Deep Thoughts on Swearing
I remember quite a few years ago when Gospel singer Sandi Patty was on the Tonight Show with Johnny Carson. He was trying to get her to admit swearing, but she wouldn’t. Finally, he asked, “What would you say if you hit your thumb with a hammer?” She replied, “I’d probably yell my husband’s name very loudly!”
I’ve been around a lot of swearing in my day. There was no swearing around home (okay, there were a few instances with my dad and big brother), but I never heard much until I started school. In particular, riding the bus gave me quite an education in the fine art of cussing. I don’t know how Bus 19 compared to other school buses, but as an impressionable little elementary kid I learned a lot of new words while riding to and from Lincoln School. Once at school, the playground was another source of fertile ground for four-letter words kids couldn’t say around adults.
Although I started to hear a lot of naughty words, I didn’t swear. I had been taught that it was bad, and I didn’t want to be bad. Sadly, I have to admit that as I grew up I was known to utter some of those words, though never publicly.
I’ve spent time around some people who make swearing an art. They use cusswords like Shakespeare used the English language. Okay, that’s a really bad comparison…I once worked with a guy on a golf course who found it very difficult to complete a sentence without vulgarity. I once tried keeping a tally of how many times he swore per minute, but as is usually the case with something like that, he suddenly toned it down, as if he subconsciously knew I was counting.
So why do people swear?
In adolescence it’s a sign of “maturity,” just like trying cigarettes and alcohol. It also seems to form lifelong, unhealthy habits, just like smoking and drinking. So do adults regret their swearing addictions like most do with nicotine and alcohol addictions?
Is it anger? Are these people just so mad and frustrated with the world that they have no choice but to cuss to show their disdain for the status quo?
Maybe it’s a sheer lack of creativity. Some people use the “F-word” like Smurfs use the word “Smurf”: “That sure is smurfy!” It also reminds me of the “Backyardigans” episode where they go to Mars and learn that “Almost everything is ‘Boinga!’” Some people I know could sing, “Almost everything is the F-Bomb!”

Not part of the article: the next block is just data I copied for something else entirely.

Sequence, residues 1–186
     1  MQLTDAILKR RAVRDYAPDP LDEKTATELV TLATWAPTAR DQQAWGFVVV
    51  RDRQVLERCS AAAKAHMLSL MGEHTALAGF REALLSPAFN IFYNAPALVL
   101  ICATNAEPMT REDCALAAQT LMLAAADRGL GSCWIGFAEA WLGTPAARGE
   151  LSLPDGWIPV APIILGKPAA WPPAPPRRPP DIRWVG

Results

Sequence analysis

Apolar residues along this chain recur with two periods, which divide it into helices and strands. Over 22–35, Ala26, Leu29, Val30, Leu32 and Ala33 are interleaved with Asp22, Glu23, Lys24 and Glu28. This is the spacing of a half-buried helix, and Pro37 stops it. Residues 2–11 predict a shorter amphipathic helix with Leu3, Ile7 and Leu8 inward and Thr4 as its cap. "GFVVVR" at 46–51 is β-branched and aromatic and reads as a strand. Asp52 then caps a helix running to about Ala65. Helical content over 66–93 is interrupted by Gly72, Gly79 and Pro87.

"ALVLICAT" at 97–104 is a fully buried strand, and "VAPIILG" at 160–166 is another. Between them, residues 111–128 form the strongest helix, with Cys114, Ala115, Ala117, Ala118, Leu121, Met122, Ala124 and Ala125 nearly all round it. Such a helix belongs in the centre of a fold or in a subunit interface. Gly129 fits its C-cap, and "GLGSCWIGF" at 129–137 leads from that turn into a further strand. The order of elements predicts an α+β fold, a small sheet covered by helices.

Do you ever wonder if chronic swear-ers cuss when they’re all alone? Or do they only do it when there’s an audience?
It’s one thing when guys swear, but I really don’t understand why females swear. There are plenty of un-ladylike things to do, such as belching, but swearing may top them all. Why would a girl or woman want to be as ugly and unrefined as a guy? Don’t they realize they’re taking a huge step backwards?
Ultimately, it’s my observation that swearing is almost entirely a symptom of insecurity.
Anytime you’re around a bunch of boys (grown or un-), you’ll see a pathetic amount of posing. Guys will practically beat their chests and grunt in their attempts to avoid any sign of weakness. Bragging and know-it-all behavior are a huge part of this, but swearing is one of the most popular ways to appear manly. It requires no thought or skill—just drop a few F-bombs and you’re one of the guys. What a deal!
It’s really kind of pathetic and even sad. Does swearing make people feel better about themselves?
Some Christians I know will intentionally swear from time to time. The impression I get is that they’re trying to show their “street cred,” as if to say, “Just ‘cause I’m a Christian doesn’t mean I’m some little ninny!” I think it’s the opposite. It takes a lot more strength and maturity not to use those kinds of words than it does to use them.
I’ve become much more sensitive to swearing since having kids. Throughout my adulthood I used slang words that were basically second-tier cuss words. I peppered my speech with words like crap, sucks, and so forth. When the kids came along, I started to notice this. I told them to use their mouths for good, but I realized that, even though I wasn’t technically swearing, the intent of my heart was the same. There’s really no difference between furiously saying, “This frickin’ car won’t start!” and using the “real” F-word.
In telling my kids not to swear, I’ve also felt compelled to tell them why they shouldn’t use those words. Life and death are in the power of the tongue (Proverbs 8:21), and it’s true that out of the abundance of the heart the mouth speaks. (Matthew 12:34). I remember a rock guitarist I admire saying he doesn’t like swearing because it sounds like death to him. That really struck me.
Our words are powerful, and I tell my kids as much. I encourage them to use their words to speak life, not death. I never realized just how ingrained some of those words can become, and it’s been a challenge to clean up even my “second-tier” cuss words.
Well, it’s time to go. I’ve got a lot of <bleep> to do today!
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